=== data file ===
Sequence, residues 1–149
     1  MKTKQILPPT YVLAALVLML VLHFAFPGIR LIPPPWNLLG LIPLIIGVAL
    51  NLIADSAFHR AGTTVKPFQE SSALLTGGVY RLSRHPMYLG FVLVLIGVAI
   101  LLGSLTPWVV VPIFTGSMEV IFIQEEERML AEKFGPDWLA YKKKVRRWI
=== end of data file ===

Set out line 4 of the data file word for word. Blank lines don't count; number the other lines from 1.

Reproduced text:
   101  LLGSLTPWVV VPIFTGSMEV IFIQEEERML AEKFGPDWLA YKKKVRRWI